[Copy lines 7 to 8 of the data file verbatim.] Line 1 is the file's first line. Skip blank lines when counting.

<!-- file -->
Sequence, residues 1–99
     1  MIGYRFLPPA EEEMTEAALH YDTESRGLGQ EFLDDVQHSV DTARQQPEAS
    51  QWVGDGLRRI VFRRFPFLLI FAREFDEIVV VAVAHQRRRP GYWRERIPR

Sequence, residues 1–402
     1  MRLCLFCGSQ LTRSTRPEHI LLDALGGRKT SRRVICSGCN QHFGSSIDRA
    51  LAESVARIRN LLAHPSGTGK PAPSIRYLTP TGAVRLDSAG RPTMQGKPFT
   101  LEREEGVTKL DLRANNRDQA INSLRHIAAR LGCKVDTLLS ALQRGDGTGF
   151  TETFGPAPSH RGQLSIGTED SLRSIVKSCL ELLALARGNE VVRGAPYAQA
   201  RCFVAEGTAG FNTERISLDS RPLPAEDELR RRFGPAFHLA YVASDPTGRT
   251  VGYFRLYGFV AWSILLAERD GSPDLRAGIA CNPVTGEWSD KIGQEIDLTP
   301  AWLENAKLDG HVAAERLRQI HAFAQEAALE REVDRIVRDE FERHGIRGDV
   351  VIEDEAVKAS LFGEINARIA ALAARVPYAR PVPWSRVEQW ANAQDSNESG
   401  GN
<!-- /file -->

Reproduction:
   101  LEREEGVTKL DLRANNRDQA INSLRHIAAR LGCKVDTLLS ALQRGDGTGF
   151  TETFGPAPSH RGQLSIGTED SLRSIVKSCL ELLALARGNE VVRGAPYAQA